(b) _{1+σ+στ}στ |In| ≤min{|Ln|,|Rn|}

Suppose x∈In, choosex1 to be the endpoint ofIn furthest fromx. Without loss
of generality suppose that x ∈ Ln∩In (exactly the same argument holds if x ∈Rn).
Choosex2 to be the endpoint ofLn furthest fromx. Then|x2| ≥ 1_{2}|Ln| ≥ 1_{2}_{1+σ+στ}στ |x1|
as |x1| ≤ |In|. Taking γ = _{2(1+σ+στ}στ _{)} we have |x2| ≥ γ|x1|. Repeat this procedure,
taking Ln to be In and noting that x2 is the endpoint of Ln furthest from x. The
argument for the unstable foliation is the same.

Proposition 2.2 Two-dimensional hyperbolic basic sets are (γ, ν)-homogeneous. Proof: This follows from [15, Chapter 4, Section 1] and Lemma 2.1. Note that both local stable and local unstable manifolds are dynamically deﬁned Cantor sets for an expanding map (an expanding map in backwards time for stable manifolds). By the uniform bounded distortion estimates on such maps [15, Chapter 4, Section 1] σn,τn are uniformly bounded away from zero.

### 3

### Livˇsic regularity results

The regularity results for the Livsic equation (1.1) state that under certain conditions a measurable solution is actually H¨older, or that a continuous solution is actually (Whitney) smooth.

Suppose that Λ is a hyperbolic basic set and µis an ergodic Gibbs measure corre-sponding to a H¨older continuous potential.

We ﬁrst show that if we have a measurable coboundary φfor a H¨older real-valued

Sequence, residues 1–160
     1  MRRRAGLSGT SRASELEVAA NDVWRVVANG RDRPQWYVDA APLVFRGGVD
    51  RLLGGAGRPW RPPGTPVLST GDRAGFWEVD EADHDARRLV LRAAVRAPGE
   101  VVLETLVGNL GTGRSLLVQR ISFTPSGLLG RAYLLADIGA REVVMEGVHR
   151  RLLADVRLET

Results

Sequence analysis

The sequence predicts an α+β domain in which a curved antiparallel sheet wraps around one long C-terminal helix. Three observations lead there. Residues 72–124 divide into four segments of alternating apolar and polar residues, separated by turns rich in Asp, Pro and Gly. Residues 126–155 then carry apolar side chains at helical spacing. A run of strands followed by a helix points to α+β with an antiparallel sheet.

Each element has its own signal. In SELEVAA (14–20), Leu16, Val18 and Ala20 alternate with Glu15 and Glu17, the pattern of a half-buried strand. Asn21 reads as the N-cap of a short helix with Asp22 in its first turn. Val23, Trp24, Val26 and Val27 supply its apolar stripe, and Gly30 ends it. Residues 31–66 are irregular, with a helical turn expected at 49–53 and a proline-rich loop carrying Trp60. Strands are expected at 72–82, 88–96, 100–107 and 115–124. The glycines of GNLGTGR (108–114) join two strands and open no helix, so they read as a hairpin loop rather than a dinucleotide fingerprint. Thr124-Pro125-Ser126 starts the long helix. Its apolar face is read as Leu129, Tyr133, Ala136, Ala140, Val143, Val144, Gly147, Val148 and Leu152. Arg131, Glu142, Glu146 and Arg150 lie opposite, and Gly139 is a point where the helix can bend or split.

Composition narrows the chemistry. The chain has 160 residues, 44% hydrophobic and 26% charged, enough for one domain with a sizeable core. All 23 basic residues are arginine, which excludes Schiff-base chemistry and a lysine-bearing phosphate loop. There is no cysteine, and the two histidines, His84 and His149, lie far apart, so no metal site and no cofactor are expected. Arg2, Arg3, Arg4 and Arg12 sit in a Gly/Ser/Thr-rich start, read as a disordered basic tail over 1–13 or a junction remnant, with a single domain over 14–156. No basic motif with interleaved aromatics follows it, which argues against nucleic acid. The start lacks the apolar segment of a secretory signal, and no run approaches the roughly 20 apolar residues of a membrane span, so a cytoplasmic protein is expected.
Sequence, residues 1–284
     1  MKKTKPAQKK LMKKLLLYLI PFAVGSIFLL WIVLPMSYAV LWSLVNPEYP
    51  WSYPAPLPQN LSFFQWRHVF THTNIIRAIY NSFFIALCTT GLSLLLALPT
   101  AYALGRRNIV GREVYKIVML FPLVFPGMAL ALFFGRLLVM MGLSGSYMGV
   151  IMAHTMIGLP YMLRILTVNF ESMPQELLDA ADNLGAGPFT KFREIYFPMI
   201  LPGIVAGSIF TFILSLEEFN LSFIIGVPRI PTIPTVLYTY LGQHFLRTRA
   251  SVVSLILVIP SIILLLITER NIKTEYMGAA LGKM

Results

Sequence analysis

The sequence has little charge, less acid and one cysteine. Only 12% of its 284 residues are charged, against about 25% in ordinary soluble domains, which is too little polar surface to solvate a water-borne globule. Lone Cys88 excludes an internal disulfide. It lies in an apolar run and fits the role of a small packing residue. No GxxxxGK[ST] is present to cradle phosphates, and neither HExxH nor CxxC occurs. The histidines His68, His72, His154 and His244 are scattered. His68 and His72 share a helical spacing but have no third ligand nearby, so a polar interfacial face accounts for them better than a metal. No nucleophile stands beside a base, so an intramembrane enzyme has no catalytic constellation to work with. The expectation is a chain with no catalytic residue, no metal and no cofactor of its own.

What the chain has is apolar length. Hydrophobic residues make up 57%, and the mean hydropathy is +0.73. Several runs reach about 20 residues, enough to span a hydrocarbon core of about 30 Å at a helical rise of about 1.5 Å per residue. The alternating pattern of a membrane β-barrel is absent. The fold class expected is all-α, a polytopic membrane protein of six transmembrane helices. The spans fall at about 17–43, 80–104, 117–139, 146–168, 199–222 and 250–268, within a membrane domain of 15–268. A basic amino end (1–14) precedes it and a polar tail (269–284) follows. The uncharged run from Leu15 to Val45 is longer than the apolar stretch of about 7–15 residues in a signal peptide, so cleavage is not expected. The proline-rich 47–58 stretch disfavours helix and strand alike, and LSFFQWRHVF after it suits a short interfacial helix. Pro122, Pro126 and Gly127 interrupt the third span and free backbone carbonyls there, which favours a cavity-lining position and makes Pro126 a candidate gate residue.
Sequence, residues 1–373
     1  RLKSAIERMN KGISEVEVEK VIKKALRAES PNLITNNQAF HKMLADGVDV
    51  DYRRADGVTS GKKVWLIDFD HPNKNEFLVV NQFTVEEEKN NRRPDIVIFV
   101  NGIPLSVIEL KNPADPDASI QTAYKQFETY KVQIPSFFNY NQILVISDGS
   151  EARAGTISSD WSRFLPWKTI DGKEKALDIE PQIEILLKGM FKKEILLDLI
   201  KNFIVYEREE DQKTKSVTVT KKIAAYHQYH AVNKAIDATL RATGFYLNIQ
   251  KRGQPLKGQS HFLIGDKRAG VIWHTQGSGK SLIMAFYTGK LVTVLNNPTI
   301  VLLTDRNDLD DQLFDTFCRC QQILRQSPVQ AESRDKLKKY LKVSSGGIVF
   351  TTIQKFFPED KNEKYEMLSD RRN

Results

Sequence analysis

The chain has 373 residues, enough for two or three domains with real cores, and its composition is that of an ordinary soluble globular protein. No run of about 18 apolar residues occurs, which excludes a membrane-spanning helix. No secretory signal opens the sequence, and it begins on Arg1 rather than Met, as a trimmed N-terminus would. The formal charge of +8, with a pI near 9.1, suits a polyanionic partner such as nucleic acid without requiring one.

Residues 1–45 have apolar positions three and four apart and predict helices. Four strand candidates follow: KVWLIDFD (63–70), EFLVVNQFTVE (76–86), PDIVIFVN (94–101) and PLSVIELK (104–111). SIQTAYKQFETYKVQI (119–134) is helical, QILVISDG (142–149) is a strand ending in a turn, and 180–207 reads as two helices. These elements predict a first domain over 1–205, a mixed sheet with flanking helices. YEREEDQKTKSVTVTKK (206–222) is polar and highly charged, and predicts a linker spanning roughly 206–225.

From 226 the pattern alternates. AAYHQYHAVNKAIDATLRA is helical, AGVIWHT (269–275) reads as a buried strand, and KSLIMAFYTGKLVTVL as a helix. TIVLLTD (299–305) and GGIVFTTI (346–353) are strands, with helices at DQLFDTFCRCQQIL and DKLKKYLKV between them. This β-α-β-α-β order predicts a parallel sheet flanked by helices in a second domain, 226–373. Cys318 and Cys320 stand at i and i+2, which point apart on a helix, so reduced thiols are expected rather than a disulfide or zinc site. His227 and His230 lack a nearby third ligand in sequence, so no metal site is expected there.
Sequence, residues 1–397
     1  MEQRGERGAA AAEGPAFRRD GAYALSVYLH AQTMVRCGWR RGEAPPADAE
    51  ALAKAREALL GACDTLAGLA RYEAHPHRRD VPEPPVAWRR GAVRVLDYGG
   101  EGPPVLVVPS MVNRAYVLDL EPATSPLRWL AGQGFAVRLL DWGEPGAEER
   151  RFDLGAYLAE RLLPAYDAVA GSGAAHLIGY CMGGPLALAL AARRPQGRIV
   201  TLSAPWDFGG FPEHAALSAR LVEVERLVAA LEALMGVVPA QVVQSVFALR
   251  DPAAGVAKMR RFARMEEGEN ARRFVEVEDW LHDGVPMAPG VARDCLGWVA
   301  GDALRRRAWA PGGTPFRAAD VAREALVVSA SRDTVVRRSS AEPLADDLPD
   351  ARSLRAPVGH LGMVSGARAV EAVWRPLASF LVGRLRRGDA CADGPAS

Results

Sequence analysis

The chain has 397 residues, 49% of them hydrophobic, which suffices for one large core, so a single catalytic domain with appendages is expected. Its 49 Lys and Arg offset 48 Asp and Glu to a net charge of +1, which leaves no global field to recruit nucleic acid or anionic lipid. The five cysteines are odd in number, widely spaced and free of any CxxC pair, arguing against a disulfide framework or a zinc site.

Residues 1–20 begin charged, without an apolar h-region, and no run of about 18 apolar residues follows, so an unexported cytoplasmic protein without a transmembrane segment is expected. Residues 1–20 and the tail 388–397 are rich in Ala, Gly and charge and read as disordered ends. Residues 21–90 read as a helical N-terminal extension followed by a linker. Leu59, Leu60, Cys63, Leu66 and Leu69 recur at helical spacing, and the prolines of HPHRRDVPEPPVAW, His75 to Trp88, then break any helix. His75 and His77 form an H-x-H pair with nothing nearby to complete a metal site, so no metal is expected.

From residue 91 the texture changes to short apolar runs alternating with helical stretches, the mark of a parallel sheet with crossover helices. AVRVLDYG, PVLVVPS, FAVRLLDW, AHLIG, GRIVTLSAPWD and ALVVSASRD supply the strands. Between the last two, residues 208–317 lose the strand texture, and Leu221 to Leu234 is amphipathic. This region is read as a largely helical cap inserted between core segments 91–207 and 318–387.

cocyclegthenφhas a H¨older version, that is, there exists a H¨olderφ′ _{such that}_{φ}′ _{=}_{φ,}
µa.e. This result is not new and the main idea is due to Livsic [7] (for related results
see [1, 13, 14, 16, 17]). We sketch its proof only for completeness.

Proposition 3.1 Let Λ ⊂ U ⊂ M be a hyperbolic set for the C1 embedding T : U → M. Suppose that Λ is equipped with an ergodic Gibbs measure µ. Assume that g :U → R is η-H¨older, η > 0, and there is a µ-measurable function φ: Λ→ R such that

Proof: For x ∈Λ deﬁne gN(x) :=g(TN−1x) +· · ·g(T x) +g(x). If y ∈W_{ε}s(x) then
|gN(x)−gN(y)| ≤PNi=0−1|g(Tix)−g(Tiy)| ≤C1(PN−1i=0 ληi)d(x, y)η for some 0< λ <1.

Thus for all N ≥0 and y∈Ws ε(x)

|φ(x)−φ(y)| ≤C2d(x, y)η+|φ(TNx)−φ(TNy)|

By Lusin’s theorem there exists a set Λ′ ⊂Λ such that µ(Λ′)> 1_{2} and φrestricted to
Λ′ is uniformly continuous. SinceT is ergodic with respect to µ, for µa.e. x∈Λ,

lim N→∞

1